HomeTop NewsFINA, The World Swimming Governing Body, Has Voted To Restrict Transgender Athletes...

FINA, The World Swimming Governing Body, Has Voted To Restrict Transgender Athletes From Competing


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Transgender athletes will only be allowed to compete in women’s events under the new FINA rules if they completed their transition before the age of 12.
Only those transgender athletes who completed their transition before the age of 12 will be allowed to compete in women’s events, as decided by FINA, the governing body of swimming around the world, which voted 71.5 percent in favour of new rules on transgender athletes. As of Monday, the new regulations will be applied to each and every competition.
The new regulations were implemented in response to a controversy that has arisen regarding the perceived advantage that transgender women have over biological women, as well as the subsequent effect that this has on the integrity of women’s sports. At the level of the governing body, the calls for changes to policy have centered around the testosterone levels of transgender women and exactly how long it takes for the anticipated adaptations in muscle mass, strength, and power to take place.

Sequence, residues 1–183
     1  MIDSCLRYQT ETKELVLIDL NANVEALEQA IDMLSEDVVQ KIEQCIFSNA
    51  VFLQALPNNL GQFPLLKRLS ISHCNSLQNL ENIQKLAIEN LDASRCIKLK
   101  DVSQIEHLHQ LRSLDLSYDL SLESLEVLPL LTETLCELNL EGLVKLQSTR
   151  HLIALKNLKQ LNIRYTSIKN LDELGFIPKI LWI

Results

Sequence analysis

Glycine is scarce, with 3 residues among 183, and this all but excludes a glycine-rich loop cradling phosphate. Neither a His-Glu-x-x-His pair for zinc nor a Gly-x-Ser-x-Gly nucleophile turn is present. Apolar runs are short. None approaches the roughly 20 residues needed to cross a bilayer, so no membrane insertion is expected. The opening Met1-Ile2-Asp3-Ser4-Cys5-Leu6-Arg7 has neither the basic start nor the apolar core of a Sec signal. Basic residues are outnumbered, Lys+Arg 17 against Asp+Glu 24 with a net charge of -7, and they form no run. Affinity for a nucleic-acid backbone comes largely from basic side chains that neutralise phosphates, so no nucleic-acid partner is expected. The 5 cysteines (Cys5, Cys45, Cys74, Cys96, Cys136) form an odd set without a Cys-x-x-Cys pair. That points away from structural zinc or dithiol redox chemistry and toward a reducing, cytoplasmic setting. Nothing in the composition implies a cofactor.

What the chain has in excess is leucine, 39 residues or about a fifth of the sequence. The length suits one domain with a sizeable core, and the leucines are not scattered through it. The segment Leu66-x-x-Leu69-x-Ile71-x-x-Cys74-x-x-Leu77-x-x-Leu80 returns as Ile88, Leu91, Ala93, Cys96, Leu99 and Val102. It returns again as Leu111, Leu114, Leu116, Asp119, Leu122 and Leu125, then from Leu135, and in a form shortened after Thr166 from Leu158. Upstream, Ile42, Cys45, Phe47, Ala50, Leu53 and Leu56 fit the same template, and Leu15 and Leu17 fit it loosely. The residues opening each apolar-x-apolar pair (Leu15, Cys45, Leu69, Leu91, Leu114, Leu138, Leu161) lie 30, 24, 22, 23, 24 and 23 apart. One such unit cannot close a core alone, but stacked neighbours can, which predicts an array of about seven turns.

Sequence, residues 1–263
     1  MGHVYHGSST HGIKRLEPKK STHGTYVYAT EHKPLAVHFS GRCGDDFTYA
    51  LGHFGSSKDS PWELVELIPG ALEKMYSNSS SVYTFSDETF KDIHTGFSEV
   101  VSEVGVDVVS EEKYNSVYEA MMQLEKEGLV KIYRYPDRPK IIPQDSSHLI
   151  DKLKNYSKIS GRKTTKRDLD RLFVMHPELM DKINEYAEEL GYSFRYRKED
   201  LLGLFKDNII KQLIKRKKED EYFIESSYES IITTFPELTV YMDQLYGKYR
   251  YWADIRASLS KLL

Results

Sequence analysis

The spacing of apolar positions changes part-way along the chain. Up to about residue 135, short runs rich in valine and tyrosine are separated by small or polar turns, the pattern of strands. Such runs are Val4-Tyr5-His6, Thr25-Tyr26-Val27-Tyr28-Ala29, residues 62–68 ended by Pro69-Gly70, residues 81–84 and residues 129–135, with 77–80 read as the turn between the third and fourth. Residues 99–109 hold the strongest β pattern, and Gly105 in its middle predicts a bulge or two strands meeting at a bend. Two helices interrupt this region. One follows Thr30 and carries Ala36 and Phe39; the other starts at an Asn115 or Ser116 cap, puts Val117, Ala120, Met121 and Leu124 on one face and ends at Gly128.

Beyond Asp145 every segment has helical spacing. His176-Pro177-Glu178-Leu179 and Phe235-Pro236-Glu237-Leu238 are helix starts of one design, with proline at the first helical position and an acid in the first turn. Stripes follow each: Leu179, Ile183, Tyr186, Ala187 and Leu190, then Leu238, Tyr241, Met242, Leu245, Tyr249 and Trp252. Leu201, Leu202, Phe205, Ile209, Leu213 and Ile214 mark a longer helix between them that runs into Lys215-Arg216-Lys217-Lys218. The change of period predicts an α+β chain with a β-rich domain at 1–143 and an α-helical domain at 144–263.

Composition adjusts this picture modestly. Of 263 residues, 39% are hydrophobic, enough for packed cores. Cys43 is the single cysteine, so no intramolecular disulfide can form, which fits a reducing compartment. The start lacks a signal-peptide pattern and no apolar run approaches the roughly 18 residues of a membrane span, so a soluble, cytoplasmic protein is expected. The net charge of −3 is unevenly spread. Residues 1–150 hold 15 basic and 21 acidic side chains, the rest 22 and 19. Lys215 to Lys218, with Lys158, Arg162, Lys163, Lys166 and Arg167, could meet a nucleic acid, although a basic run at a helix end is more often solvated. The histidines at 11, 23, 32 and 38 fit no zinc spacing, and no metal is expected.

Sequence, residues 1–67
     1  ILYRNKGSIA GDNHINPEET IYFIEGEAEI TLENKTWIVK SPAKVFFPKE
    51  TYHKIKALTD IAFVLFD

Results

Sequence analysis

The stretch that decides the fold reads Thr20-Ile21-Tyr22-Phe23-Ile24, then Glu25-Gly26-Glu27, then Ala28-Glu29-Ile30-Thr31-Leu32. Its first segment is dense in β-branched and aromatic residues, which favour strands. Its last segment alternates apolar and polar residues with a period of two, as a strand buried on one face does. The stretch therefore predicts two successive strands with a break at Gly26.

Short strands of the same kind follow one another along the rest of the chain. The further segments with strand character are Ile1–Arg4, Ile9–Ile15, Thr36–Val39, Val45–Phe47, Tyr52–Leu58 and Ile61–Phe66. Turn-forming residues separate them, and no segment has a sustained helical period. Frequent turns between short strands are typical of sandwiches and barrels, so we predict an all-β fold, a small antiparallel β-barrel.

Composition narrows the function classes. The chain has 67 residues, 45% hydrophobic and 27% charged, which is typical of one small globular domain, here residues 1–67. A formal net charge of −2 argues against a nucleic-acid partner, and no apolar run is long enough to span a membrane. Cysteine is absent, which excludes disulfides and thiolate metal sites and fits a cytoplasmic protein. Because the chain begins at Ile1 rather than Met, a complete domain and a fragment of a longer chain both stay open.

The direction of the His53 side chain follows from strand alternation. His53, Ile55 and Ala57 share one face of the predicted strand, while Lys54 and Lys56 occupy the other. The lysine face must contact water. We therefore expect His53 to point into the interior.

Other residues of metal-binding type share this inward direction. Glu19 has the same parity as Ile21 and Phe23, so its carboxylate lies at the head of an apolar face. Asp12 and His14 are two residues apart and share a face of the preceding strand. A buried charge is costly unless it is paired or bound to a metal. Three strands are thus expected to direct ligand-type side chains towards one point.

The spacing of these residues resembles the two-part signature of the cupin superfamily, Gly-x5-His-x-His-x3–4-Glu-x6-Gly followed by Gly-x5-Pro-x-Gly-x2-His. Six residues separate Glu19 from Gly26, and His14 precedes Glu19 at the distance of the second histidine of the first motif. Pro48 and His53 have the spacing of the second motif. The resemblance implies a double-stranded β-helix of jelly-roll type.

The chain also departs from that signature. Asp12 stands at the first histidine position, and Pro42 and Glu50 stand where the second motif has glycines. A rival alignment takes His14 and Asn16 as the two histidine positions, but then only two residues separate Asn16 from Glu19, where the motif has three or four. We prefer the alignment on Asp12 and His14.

FINA, The World Swimming Governing Body, Has Voted To Restrict Transgender Athletes From Competing

Despite the fact that the new policy prevents transgender women from participating in the elite competition — most notably the University of Pennsylvania swimmer Lia Thomas — the new policy calls for the establishment of a category known as “open competition,” which would make exceptions for transgender women who do not satisfy the new requirements and would allow them to compete.

“Nobody really understands how things are going to play out here. And in order to figure out how it would function, we need to involve a wide variety of people, including athletes who identify as transgender “According to FINA president Husain Al-spokesman, Musallam’s James Pearce, who spoke with the Associated Press. “Therefore, there are no specifics regarding how that would operate. The open category is something that we are going to begin talking about beginning tomorrow.”

After listening to presentations from three specialist groups — an athlete group, a science and medicine group, and a legal and human rights group — who have been working together to formulate the policy, FINA voted on the issue. The International Olympic Committee (IOC) provided some new recommendations on the subject of transgender women back in November of last year, which sparked the beginning of this line of work.

Even though testosterone levels had been the primary focus of such issues up until that point, the IOC’s new advice called for evidence as to when and where a performance advantage exists.

When Thomas, an Olympic hopeful who is transgender, won the NCAA swimming championship in March for the 500-yard freestyle, the topic of transgender women competing in swimming was brought to light.


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